5 Physiological Functions and Pharmacological Effects: Carbohydrates and Proteins Metabolism:Stimulate glucose formation in the brain.Decrease peripheral utilization of glucose.Promote storage of glucose in the liver.Promote gluconeogenesis.Lipids Metabolism:Redistribution of body fat (Buffalo hump, Moon face).Enhance lipolyses of Triglycerides.Electrolyte and Water balance:Enhance reabsorption of sodium and water into plasma.Increase urinary excretion of potassium.
6 Anti-inflammatory effects: Blood Picture:Increase hemoglobin and Red blood cells.Decrease white blood cells.Anti-inflammatory effects:Suppress inflammations regardless to their cause.Immunosuppressive Effects:Decrease immunity as a result of decrease the WBC’s.Cell Growth:Retardation of cell division and cell growth.
7 Disease States: Addison’s disease: Rare syndrome 1/100,000 due to Hypoadrenalism.Causes:Atrophy of adrenal gland.Tuberculoses.Low level of ACTH.Symptoms:Weakness, fatigue, apathy, depression and irritability.Anemia and low blood pressure.Loss of sodium and dehydration.Hypersensitivity to Insulin.Hyper pigmentation.Nausea and vomiting.
8 Cushing’s disease: Conn’s syndrom: Rare syndrome 2- 5/Million due to Hyperadrenalism.Causes:Tumor of the Adrenal Cortex.Tumor of the Pituitary gland.Symptoms:Alteration of fat distribution.Hypertension.Osteoporosis.Growth retardation.Decrease Immunity.Conn’s syndrom:Inability of adrenal cortex to carry out 17a-hydroxylation of pregnenolone. That leads to low level of Cortisol and high level of Aldosterone.Alkalosis.Polyuria.Edema.
9 Pharmacokinetics: Absorption: Plasma Protein binding: Well absorbed from all sites of administration.Plasma Protein binding:90% to albumin or globulin.Half life (t1/2):hr.Metabolism and Excretion:Excreted in urine after glycosylation with glucuronic acid.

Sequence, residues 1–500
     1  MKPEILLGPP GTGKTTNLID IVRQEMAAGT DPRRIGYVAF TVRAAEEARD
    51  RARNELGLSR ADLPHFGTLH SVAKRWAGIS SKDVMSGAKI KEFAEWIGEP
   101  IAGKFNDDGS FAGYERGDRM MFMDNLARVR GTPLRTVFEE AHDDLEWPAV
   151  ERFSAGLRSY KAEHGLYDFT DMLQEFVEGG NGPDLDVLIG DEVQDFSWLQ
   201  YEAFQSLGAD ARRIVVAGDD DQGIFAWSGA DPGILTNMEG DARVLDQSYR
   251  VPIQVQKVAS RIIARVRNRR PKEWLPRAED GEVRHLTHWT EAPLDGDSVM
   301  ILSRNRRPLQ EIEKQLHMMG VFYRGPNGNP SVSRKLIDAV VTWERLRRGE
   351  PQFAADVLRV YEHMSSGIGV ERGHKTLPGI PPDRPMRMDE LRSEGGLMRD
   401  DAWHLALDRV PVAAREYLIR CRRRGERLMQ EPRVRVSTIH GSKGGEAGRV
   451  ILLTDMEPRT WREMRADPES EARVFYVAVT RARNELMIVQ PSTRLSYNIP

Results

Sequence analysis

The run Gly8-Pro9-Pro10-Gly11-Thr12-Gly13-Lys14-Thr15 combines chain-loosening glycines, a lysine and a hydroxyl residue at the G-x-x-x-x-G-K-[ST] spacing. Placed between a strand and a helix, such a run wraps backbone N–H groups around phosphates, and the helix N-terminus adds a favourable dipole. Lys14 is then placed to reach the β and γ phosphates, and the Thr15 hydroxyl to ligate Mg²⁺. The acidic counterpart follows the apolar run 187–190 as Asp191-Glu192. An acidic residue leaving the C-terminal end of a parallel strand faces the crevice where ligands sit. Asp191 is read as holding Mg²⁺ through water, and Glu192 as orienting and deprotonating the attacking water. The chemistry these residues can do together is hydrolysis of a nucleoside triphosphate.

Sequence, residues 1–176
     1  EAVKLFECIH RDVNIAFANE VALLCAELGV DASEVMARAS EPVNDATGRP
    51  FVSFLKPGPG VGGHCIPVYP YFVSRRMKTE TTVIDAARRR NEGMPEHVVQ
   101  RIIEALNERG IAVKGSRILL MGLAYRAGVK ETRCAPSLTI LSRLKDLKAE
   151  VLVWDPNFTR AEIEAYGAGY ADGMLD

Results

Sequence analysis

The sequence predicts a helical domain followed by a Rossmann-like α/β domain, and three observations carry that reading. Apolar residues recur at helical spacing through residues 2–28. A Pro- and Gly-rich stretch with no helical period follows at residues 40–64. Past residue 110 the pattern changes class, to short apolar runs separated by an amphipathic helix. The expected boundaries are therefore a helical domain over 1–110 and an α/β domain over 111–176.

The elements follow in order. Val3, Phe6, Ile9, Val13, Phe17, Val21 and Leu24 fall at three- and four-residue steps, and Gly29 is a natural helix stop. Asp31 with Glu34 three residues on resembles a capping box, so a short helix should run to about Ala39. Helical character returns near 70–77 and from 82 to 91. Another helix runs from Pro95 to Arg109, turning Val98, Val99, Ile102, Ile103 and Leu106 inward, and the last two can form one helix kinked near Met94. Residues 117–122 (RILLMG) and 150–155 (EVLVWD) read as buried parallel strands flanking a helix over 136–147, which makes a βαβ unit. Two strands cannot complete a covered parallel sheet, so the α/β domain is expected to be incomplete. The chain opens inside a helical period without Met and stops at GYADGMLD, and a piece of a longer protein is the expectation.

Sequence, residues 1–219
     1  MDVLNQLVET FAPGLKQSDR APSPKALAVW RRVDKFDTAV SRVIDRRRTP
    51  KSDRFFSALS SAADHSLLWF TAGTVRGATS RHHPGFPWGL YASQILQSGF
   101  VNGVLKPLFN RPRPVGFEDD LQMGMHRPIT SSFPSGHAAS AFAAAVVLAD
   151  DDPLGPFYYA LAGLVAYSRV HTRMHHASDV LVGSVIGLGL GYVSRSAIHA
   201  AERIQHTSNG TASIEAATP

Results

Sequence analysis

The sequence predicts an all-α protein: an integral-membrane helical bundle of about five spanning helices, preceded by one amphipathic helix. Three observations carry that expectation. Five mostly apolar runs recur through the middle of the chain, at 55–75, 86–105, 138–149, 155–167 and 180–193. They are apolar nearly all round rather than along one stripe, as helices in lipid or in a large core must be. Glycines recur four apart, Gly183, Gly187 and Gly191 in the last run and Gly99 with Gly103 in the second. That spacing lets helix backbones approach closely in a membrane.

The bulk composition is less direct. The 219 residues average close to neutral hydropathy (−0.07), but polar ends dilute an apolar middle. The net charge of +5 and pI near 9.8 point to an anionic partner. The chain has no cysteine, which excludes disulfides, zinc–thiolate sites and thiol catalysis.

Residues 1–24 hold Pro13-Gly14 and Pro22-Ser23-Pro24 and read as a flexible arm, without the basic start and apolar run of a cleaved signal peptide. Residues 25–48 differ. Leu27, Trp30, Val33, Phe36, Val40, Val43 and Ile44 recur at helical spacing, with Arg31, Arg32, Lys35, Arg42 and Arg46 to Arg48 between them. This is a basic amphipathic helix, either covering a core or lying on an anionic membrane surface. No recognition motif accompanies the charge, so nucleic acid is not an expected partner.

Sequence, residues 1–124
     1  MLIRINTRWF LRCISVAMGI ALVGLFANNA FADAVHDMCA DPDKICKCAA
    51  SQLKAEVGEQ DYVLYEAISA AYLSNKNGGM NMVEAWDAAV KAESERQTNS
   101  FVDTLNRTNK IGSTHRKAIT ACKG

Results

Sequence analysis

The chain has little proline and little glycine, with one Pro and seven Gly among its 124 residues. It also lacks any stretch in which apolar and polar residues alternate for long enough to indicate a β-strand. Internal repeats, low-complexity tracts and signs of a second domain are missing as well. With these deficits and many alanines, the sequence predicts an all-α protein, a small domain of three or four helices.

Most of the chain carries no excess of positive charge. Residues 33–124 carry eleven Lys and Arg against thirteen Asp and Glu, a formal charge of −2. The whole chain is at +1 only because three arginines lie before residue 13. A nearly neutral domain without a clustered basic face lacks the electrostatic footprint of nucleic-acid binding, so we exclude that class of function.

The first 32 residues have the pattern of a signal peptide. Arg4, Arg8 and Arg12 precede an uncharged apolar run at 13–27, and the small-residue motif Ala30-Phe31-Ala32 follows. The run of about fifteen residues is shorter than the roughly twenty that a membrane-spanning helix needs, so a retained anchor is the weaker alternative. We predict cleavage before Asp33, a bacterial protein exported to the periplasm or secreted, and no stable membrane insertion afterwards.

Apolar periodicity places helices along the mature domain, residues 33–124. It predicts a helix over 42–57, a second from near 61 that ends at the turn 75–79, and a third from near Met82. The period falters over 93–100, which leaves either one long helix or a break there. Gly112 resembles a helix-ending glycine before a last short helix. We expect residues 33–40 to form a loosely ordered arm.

11 Adrenocorticoid Drugs Systemic Corticosteroids:They can be administered by IV, IM injections, oral, topical or by inhalation.They can be short, intermediate or long-acting. Unlike natural corticoids they do not undergo first pass metabolism.Cortisone and Cortisone acetate:Can be given orally or by IM injection.Acetate has longer duration of action.Drug of choice in replacement therapy.
12 Prednisone and Prednisolone: Fludrocortison:9a-fluorocortisone.10 times more active than cortisone as antiinflammatory.times more active as mineralocorticoids.Prednisone and Prednisolone:They are Δ1 corticoids.3, 4 times more active than cortisone and hydrocortisone.Prepared by microbial dehydrogenation (Corynebacterium simplex) or chemically using SeO2.
13 Triamcinolone: Dexamethasone: Betamethasone: 9a-fluoro, 16a-hydroxyprednisolone.Activity equal to prednidolone but with less mineralocorticoid activity.Dexamethasone:9a-fluoro, 16a-methylprednisolone.5- 7 times more active than prednidolone.Betamethasone:9a-fluoro, 16b-methylprednisolone.Slightly more active than Dexamethasone.
14 Topical Corticosteroid: Beclomethasone:9a-fluoro, 16b-methylprednisolone.9a-chloro analog of Betamethasone.Topical activity 500 times more than Betamethasone.
15 Inhaled Corticosteroids: Beclomethasone 17, 21-dipropionate (BDP):Prodrug metabolized to more active 17-BMP.17-BMP is 30 times more active than BDP.Topical activity 500 times more than Betamethasone.Triamcinolone Acetonide:
17 Diagnostic uses: Cause of Hyperadrenalism: Non specific due to obesity or stress.Cushing’s syndrome.2 mg Dexamethasone every 6 hr for 8 doses to diagnose the cause.
18 Side effects: Due to Prolonged use: Withdrawal Symptoms: Fluid and electrolyte disturbances, edema and hypertension.Hyperglycemia and glucosuria.Peptic ulcer.OsteoporosesMyopathyGrowth arrestIncrease susceptibility to infections.Withdrawal Symptoms:Rapid withdrawal after prolonged use leads to sever hypoadrenalism.